Middle east elections shake up region's peace diplomacy
By Paul Cochrane, in Beirut
June has been a month of elections in the Middle East. As happens every now and again in a region pretty thin on democracy and heavy on dynastic rule, there are elections that matter. The outcome of the Lebanese and Iranian elections fall in this rather rare category, with the Lebanese result retaining a status quo the West is happy with, while the Iranian 'result' is further souring relations with the US and Europe.
International organisations need to keep operating in emergencies
By Alan Osborn, International News Services
The European Commission re-opened for business on Monday last month (May 25) after a week of muddle and inaction caused by a fire in an electrical shaft that caused no injuries but seemed to put all business on hold for a few days. Happily for many of the 2,000 EU employees who work in the building, the week of the fire contained two public holidays and it was an easy matter to stretch these to a full week off from the office.
Time to make the European elections matter
By Keith Nuthall, International News Services
This week, a small proportion of Europe’s electors (maybe less than 30%) will drift over to their polling station to do their European Union (EU) civic duty and vote for a European Parliament representative. That the proportion of EU citizens undertaking this easy task has dwindled is testimony to the failure of the parliament to do its job: to exercise power on behalf of the majority of the EU population.
Indian economy's key role in global recovery boosted by Congress victory
By Raghavendra Verma, in New Delhi
The recent victory of the Congress party in the Indian general elections is a positive signal for international business and diplomacy. Prime Minister Manmohan Singh has a good chemistry with many world leaders and has aptly stuck to his international commitments in the past - the successful implementation of the Indo-US deal on nuclear power is an example.
Sri Lanka's victory over rebels may inform counter-insurgency worldwide
By Munza Mushtaq, in Colombo, Sri Lanka
The destruction of a ruthless armed seperatist organisation in a small south Asian nation may provide lessons to counter-insurgency units fighting terrorists and rebel groups around the world. Sri Lanka citizens rejoiced this week at the end of its quarter century long war with the Liberation Tigers of Tamil Eelam (LTTE) - dubbed as the world’s most ruthless terrorist outfit.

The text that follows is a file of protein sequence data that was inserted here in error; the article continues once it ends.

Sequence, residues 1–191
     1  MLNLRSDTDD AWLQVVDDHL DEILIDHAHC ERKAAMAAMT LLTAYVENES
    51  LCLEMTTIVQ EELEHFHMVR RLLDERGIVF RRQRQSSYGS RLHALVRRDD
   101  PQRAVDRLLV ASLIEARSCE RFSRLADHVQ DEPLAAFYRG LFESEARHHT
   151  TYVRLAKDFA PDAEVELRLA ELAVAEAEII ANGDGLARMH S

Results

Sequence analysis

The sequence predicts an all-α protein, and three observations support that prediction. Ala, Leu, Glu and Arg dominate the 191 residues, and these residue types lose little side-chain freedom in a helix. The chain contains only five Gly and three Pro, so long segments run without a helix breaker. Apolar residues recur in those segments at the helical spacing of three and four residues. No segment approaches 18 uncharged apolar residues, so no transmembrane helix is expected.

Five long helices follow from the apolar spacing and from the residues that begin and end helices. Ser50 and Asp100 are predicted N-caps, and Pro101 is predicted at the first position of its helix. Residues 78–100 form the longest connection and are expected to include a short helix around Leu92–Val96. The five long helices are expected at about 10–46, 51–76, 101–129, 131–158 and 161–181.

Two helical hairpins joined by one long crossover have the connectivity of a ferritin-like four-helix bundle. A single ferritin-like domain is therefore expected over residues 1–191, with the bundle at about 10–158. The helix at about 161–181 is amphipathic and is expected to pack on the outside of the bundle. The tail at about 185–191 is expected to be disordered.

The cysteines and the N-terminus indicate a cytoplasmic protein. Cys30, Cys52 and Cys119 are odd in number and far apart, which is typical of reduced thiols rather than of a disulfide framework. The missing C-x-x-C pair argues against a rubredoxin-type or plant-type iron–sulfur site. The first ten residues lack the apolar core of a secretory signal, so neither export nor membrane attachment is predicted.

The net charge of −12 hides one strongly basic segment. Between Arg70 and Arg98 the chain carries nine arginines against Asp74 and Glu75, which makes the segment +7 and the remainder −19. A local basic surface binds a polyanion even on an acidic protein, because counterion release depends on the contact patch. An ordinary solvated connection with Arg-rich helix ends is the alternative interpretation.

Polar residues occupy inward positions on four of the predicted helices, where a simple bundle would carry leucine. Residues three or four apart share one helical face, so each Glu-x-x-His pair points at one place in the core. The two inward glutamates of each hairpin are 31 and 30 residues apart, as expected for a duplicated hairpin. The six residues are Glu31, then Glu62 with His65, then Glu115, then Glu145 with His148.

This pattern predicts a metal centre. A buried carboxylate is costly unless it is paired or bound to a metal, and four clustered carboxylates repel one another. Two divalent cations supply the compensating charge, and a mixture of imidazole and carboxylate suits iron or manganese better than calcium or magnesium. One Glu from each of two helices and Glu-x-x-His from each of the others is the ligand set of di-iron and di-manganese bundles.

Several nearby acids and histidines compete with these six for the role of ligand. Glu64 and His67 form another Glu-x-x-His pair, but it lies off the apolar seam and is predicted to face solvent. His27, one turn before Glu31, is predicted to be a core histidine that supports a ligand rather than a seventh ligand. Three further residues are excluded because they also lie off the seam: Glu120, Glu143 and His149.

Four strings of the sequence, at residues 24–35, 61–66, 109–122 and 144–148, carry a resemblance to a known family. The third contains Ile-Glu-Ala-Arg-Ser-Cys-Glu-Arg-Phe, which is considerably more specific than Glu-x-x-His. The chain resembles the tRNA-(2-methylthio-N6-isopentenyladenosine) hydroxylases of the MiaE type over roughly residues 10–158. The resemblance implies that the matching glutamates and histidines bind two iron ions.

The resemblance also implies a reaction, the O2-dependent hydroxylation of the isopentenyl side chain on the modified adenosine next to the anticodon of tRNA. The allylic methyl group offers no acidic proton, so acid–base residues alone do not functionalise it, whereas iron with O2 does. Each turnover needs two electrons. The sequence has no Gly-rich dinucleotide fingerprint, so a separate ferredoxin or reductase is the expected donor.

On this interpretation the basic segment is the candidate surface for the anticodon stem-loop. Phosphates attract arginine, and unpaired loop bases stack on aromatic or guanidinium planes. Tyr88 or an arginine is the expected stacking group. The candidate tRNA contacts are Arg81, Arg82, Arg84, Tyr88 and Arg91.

Anti-piracy groups' court victory illustrates lawlessness of Internet
By Katherine Dunn, International News Services
Anti-piracy organisations are hailing as a victory the conviction in
their home country Sweden of the founders of the world's largest 'torrent'
digital fire-sharing site The Pirate Bay. But the case is really just
another round in an ongoing game of whack-a-mole that has seen national law
unable to contain transnational intellectual property rights infringement.
Oman bucks Gulf recession trend
By Paul Cochrane, in Muscat, Oman
While construction workers are downing tools throughout most Arab states bordering the Persian Gulf and the future of massive infrastructure projects is in jeopardy, the Sultanate of Oman is bucking the regional trend by investing billions of dollars to bolster its nascent tourism sector, aviation and industrial base.
G20 should stop protectionists deepening recession
By Thompson Ayodele, in Lagos
As the Group of 20 top industrialised and developing economies prepared to meet in London, UN Secretary General Ban Ki-Moon warned them that "the economic crisis may soon be compounded by an equally severe crisis of global instability." A key problem is that trade is deteriorating every day and political pressures demand import restrictions to protect employment. This is no way out: such protectionism would make this particular depression ‘Great’.
International brawl looms over Arctic rights
By Lorraine Mallinder, in Montréal
As the polar ice cap continues to shrink, the five nations surrounding the Arctic Ocean are hurriedly positioning themselves for what is shaping up to be one of the biggest geopolitical brawls of the coming years.
News agencies offer editors value for money in hard economic times
By Keith Nuthall , International News Services
In tough recessionary times, publishers sensibly look to the bottom line. Agencies such as International News Services offer quality well-priced global coverage. Publications gain access to more than 40 experienced journalists worldwide, and the amount they need to spend can vary according to budgets and editorial demands.